In a cruel twist, Crystal and Noell Allen discovered even though Indiana prohibited them from being listed as parents on their twins’ birth certificates, the state did allow both mothers to be identified as parents on the babies’ death certificates.
Crystal Allen still does not understand why the state had no problem having the couple be associated with a loss but not a birth, and she continues to tear up whenever she thinks of her twins. She described that time as a “horrific experience,” but the couple made the decision to move forward with a lawsuit against the state over the birth certificate issue.
They and several other married same-sex female couples turned to the federal courts to challenge Indiana’s refusal to see all the women as parents. The women claimed the state’s enforcement of statutes violated the Constitution because same-sex couples were treated differently from opposite-sex couples. Even in marriages where the mother was artificially inseminated, their husbands were identified on the baby’s birth certificate as the father, but nonbirth mothers whose wives got pregnant through insemination were not recognized as parents.
“It’s not just about a name on a birth certificate,” Crystal said. “It’s a deep wound that we felt like we had to work to rectify in our hearts and minds to help our babies.”
On Jan. 17, the Allen family and all Hoosier families with two moms received the news they had waited nearly three years to hear — the 7th Circuit Court of Appeals affirmed the women in same-sex marriages in Indiana must be listed as the parents on their children’s birth certificates.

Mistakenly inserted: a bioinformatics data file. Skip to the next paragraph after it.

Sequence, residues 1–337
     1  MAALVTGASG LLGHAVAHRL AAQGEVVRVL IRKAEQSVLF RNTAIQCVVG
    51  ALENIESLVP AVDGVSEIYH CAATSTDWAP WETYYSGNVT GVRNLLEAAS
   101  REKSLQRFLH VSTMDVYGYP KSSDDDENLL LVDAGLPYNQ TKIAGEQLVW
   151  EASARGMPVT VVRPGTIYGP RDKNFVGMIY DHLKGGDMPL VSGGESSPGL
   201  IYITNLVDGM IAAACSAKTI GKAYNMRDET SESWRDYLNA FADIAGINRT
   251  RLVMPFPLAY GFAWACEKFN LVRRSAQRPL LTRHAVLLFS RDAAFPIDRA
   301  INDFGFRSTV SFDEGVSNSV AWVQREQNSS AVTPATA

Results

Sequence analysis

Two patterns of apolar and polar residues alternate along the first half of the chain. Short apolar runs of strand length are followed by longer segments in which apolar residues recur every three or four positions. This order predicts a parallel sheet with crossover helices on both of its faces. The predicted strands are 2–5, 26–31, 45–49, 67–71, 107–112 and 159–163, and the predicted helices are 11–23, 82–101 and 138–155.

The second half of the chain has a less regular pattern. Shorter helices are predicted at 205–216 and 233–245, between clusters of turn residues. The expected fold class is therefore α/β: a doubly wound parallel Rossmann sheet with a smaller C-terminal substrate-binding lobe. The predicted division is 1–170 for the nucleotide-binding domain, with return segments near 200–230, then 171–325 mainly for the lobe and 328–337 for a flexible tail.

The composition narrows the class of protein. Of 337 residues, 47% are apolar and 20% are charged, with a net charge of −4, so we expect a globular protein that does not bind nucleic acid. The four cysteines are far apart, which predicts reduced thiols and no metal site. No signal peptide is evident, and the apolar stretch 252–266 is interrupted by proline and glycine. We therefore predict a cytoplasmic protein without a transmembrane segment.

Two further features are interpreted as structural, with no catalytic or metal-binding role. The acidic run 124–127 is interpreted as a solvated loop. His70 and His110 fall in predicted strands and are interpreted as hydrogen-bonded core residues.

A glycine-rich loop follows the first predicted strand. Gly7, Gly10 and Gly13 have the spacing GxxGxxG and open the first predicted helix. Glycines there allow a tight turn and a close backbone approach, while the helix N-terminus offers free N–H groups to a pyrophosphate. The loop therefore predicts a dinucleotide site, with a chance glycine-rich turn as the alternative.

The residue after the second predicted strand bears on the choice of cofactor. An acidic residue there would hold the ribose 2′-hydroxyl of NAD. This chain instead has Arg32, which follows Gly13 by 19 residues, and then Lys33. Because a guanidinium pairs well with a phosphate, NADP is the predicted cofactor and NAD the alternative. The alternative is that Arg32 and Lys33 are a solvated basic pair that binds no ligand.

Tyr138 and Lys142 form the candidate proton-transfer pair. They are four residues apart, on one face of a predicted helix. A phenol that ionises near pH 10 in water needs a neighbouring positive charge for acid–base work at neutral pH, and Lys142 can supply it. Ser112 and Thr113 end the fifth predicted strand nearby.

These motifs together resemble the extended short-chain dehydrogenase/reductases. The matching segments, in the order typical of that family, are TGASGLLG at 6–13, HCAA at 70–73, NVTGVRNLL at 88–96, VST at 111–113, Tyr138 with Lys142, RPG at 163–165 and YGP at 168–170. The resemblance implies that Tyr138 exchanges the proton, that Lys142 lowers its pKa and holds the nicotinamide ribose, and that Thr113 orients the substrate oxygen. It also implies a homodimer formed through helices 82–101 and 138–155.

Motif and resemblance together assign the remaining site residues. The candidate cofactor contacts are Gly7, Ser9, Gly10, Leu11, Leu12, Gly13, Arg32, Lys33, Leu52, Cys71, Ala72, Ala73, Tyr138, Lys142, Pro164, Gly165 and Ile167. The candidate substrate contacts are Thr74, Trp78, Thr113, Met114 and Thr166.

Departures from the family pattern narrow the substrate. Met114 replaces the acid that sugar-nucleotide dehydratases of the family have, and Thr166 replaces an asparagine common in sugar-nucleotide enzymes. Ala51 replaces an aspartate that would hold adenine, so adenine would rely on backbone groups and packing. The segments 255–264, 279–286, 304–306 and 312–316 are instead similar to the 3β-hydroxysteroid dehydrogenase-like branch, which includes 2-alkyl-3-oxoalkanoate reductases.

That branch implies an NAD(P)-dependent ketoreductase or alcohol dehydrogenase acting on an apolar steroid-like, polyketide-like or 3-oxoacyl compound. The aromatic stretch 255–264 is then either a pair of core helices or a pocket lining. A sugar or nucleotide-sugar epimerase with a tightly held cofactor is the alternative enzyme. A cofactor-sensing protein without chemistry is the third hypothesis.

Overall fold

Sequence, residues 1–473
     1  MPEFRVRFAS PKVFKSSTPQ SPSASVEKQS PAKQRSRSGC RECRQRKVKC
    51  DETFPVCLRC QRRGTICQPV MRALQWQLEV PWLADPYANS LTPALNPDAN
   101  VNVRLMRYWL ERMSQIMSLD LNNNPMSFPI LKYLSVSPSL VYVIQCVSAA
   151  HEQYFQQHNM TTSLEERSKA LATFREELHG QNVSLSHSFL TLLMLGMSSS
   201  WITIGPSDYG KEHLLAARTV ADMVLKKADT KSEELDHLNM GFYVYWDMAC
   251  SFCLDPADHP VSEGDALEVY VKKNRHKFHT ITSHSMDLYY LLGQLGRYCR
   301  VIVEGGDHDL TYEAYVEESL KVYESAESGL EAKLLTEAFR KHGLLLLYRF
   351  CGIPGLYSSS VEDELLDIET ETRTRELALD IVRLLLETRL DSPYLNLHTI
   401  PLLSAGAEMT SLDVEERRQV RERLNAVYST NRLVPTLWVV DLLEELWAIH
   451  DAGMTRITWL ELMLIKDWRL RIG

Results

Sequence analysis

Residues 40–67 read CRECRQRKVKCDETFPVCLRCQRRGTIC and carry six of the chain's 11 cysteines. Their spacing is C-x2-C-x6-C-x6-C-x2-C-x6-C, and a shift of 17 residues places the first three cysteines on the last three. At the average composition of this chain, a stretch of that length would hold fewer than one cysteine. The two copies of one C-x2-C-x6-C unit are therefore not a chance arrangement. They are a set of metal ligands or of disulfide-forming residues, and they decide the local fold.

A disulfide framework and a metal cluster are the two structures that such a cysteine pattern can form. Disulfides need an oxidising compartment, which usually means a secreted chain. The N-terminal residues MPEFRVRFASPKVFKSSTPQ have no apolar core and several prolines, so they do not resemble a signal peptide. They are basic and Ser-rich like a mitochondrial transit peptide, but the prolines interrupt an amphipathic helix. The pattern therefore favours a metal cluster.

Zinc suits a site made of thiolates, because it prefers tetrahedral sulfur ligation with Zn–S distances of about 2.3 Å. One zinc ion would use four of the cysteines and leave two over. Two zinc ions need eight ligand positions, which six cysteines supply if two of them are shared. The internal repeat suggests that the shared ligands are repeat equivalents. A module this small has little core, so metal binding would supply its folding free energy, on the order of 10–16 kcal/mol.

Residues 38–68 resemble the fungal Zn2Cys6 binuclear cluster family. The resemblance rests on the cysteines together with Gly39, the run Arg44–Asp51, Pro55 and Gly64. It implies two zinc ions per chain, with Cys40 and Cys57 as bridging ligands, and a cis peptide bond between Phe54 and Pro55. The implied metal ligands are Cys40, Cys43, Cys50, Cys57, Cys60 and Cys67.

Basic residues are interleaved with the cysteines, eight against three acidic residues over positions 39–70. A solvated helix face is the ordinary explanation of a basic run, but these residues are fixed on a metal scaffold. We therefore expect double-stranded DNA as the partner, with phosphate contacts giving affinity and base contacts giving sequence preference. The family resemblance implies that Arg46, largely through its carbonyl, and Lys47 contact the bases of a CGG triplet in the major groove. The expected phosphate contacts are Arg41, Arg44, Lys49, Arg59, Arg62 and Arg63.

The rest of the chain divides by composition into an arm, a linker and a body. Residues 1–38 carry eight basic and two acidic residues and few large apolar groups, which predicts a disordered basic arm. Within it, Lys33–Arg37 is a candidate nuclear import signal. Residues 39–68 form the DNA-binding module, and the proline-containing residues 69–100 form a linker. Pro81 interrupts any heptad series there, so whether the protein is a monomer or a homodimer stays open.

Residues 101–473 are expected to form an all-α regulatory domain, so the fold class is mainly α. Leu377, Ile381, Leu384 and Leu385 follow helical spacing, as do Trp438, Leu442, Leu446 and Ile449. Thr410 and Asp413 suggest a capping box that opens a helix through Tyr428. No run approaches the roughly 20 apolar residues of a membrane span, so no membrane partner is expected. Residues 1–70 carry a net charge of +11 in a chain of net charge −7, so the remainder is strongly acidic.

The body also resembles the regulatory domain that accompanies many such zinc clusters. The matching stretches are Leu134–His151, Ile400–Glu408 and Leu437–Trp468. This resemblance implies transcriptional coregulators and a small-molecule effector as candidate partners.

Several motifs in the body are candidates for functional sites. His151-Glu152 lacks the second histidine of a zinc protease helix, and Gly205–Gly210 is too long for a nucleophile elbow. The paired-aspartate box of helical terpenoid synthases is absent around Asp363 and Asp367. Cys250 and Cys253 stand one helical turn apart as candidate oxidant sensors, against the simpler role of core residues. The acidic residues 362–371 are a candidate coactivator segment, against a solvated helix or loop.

The lawsuit that went to the appellate court, Henderson, et al. v. Box, 17-1141, was first filed in February 2015. Filed just five months after the 7th Circuit affirmed Indiana’s ban on same-sex marriage was unconstitutional in Baskin v. Bogan, 766 F.3d 648 (2014), the married female couples had another battle to fight.
After the U.S. District Court for the Southern District of Indiana ruled the state had to include both the birth mother and non-birth mother on the birth certificates, Indiana appealed. Oral arguments took place in May 2017, and then the wait began for the ruling. However, the wait stretched to a year, then two and fell just days shy of the three-year anniversary of when the appeal was filed before the appellate panel finally issued its opinion.
“I think it’s somewhat of a relief the decision was actually upheld and should have been upheld 32 months ago,” said Jackie Phillips-Stackman who along with her wife, Lisa, was also a plaintiff in the lawsuit.
Since the ruling from the district court in June 2016, the state has been listing the names of both mothers on the infants’ birth certificates, according to the Indiana State Department of Health. The birth certificate form that new parents fill out is the same for married same-sex female couples as for heterosexual parents.
As to whether any of the birth certificate forms or procedures will have to change because of the ruling from the 7th Circuit, the health department said it could not answer until the case is fully resolved.
The 7th Circuit did vacate and remand part of the dispute back to the district court. Although the appellate court did uphold the inclusion of both mothers’ names on the birth certificates, it found some of the district court’s ruling could lead to married same-sex female couples being treated differently that married same-sex male couples.